As you watch this Mach 2 airplane suspend motionless in air and do tail slides, be aware of the truly amazing performance of the engines and intakes.Some used to think the Su-27 / Su-31 'Cobra' (the Su series are Russian aircraft) maneuver was the epitome of 3rd to 4th generation fighter maneuverability. That snap maneuver doesn't hold a candle to what this two-dimensional vectored-thrust fighter with fat independent horizontal stabs can do at low speed.

    There must be far more tricks up its sleeve in the high subsonic dogfight speed range.The video is about 5 minutes long, but the last 30-40 seconds are priceless.

    Note also, that the RAPTOR does a complete 360 degree turn in less than 20 seconds!

    ACC recently approved the Raptors new DEMO profile. This was the first show. Five minute video.Watch the elevators of the airplane in this demo. They work independently. It also has vectored thrust.*Supercruise: The F/A-22 can sustain supersonic flight without the use of fuel-gulping afterburners. I.e. 1.6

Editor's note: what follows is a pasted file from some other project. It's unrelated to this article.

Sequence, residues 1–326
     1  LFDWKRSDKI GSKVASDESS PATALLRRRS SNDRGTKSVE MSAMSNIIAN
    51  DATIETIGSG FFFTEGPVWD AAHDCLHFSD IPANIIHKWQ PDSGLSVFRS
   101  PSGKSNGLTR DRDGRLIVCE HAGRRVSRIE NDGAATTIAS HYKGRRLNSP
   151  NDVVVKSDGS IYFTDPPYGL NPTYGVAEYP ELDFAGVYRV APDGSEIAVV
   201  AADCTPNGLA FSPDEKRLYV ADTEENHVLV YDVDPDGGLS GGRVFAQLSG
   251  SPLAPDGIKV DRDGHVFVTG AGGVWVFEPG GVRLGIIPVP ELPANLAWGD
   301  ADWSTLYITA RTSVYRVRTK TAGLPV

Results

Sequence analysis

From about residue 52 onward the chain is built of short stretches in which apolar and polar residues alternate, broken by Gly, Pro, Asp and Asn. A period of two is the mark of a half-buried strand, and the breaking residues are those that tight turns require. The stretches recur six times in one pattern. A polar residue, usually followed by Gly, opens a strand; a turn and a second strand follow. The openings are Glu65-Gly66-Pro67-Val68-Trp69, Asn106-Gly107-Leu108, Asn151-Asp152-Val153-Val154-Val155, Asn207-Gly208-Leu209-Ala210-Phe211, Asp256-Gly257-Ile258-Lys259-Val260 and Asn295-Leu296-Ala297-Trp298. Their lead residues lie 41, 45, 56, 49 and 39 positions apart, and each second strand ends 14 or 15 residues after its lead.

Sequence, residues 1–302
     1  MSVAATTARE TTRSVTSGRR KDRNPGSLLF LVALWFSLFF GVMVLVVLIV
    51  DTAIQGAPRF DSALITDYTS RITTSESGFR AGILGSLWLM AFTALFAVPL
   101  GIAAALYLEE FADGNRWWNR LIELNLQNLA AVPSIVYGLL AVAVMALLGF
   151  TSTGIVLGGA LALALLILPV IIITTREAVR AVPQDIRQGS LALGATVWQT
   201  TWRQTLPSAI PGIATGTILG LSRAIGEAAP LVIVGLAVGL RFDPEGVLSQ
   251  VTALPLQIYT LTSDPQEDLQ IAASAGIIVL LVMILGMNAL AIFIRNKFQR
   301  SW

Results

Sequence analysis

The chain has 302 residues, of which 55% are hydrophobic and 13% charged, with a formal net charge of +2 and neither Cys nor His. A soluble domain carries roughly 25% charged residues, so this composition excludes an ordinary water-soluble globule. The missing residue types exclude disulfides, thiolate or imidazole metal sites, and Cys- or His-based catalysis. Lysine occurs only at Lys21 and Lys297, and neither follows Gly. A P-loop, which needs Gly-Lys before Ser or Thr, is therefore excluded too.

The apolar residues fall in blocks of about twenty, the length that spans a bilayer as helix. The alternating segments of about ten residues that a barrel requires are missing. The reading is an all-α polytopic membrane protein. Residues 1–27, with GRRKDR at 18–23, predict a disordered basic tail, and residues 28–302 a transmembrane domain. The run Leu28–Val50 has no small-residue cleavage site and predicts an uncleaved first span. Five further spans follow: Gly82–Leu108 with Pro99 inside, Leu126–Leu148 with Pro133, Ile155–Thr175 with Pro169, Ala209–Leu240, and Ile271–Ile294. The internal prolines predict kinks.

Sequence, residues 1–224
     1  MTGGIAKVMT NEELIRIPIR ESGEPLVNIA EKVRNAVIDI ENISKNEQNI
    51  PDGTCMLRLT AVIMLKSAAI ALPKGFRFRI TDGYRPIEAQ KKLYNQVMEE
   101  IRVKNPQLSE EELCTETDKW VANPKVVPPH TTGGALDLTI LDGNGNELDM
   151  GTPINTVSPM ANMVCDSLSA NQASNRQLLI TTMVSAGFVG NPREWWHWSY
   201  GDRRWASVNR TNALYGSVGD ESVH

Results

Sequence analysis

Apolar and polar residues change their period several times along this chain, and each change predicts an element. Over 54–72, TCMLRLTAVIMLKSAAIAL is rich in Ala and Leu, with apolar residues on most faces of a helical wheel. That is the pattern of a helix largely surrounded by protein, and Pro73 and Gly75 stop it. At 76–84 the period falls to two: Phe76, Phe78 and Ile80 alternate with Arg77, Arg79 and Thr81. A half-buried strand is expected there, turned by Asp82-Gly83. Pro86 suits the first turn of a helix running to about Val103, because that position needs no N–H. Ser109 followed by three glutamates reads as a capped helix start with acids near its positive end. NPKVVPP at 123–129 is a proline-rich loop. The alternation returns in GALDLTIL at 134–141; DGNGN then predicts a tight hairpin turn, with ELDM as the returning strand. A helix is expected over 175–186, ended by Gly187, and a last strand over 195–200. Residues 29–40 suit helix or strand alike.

29. BFISA
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    Cost Overruns Nix Upgrades To Oldest Galaxy's

    Faced with a program that's significantly overbudget, on the Thursday the US Air Force announced it will scale back a multi-billion dollar program to upgrade engines on C-5 Galaxy heavy-lift transports.

    The Associated Press reports the Air Force will proceed to replace aging engines on 47 C-5B and two C-5C aircraft, with modern CF6-80C2L1F turbofans -- but 62 of the oldest C-5As will soldier on with their existing engines, due to cost overruns on what was originally an $11.1 billion program, when the Air Force awarded the contract to Lockheed Martin in November 2001.

    However, projected costs for the Reliability Enhancement and Re-engining Program (RERP) have since swelled to $17.5 billion... triggering a Nunn-McCurdy violation, which requires the Pentagon to disclose to Congress when costs on a major program exceed 15 percent of the amount originally budgeted.

    The contract will be scaled back to $7.7 billion, according to John Young, under secretary of defense for acquisition, technology and logistics. Under the new contract, Lockheed may only spend a maximum of $123 million per plane.